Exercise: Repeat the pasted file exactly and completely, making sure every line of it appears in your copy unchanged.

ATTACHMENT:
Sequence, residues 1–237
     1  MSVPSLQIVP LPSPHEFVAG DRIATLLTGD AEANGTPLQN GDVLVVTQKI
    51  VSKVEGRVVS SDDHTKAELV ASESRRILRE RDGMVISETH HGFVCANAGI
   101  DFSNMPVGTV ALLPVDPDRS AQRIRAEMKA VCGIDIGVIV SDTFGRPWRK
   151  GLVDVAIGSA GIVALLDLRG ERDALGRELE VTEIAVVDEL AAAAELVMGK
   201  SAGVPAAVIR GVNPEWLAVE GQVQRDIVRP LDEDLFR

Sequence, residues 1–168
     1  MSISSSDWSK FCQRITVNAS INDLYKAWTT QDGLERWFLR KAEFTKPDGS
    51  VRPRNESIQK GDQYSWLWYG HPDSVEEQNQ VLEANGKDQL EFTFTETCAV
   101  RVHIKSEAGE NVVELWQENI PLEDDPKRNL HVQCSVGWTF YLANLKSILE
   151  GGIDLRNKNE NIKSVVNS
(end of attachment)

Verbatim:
Sequence, residues 1–237
     1  MSVPSLQIVP LPSPHEFVAG DRIATLLTGD AEANGTPLQN GDVLVVTQKI
    51  VSKVEGRVVS SDDHTKAELV ASESRRILRE RDGMVISETH HGFVCANAGI
   101  DFSNMPVGTV ALLPVDPDRS AQRIRAEMKA VCGIDIGVIV SDTFGRPWRK
   151  GLVDVAIGSA GIVALLDLRG ERDALGRELE VTEIAVVDEL AAAAELVMGK
   201  SAGVPAAVIR GVNPEWLAVE GQVQRDIVRP LDEDLFR

Sequence, residues 1–168
     1  MSISSSDWSK FCQRITVNAS INDLYKAWTT QDGLERWFLR KAEFTKPDGS
    51  VRPRNESIQK GDQYSWLWYG HPDSVEEQNQ VLEANGKDQL EFTFTETCAV
   101  RVHIKSEAGE NVVELWQENI PLEDDPKRNL HVQCSVGWTF YLANLKSILE
   151  GGIDLRNKNE NIKSVVNS